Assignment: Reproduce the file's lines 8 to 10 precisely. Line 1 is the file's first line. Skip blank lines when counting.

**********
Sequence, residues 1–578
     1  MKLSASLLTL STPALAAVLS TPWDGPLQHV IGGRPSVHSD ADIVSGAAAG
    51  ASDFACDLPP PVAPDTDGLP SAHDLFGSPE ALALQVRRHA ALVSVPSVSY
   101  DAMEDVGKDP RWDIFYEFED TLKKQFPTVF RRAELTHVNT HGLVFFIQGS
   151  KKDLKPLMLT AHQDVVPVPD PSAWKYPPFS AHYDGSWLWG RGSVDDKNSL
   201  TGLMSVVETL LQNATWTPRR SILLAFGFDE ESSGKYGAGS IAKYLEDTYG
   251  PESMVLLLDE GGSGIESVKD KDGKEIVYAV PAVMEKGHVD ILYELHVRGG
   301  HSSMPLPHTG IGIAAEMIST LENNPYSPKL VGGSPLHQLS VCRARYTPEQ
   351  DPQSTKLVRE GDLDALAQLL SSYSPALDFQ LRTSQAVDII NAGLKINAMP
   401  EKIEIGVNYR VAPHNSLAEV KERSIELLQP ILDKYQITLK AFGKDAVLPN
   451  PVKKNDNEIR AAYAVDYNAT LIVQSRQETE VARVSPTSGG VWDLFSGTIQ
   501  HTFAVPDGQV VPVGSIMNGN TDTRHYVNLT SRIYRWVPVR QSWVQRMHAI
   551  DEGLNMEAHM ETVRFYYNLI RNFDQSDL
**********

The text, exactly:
   301  HSSMPLPHTG IGIAAEMIST LENNPYSPKL VGGSPLHQLS VCRARYTPEQ
   351  DPQSTKLVRE GDLDALAQLL SSYSPALDFQ LRTSQAVDII NAGLKINAMP
   401  EKIEIGVNYR VAPHNSLAEV KERSIELLQP ILDKYQITLK AFGKDAVLPN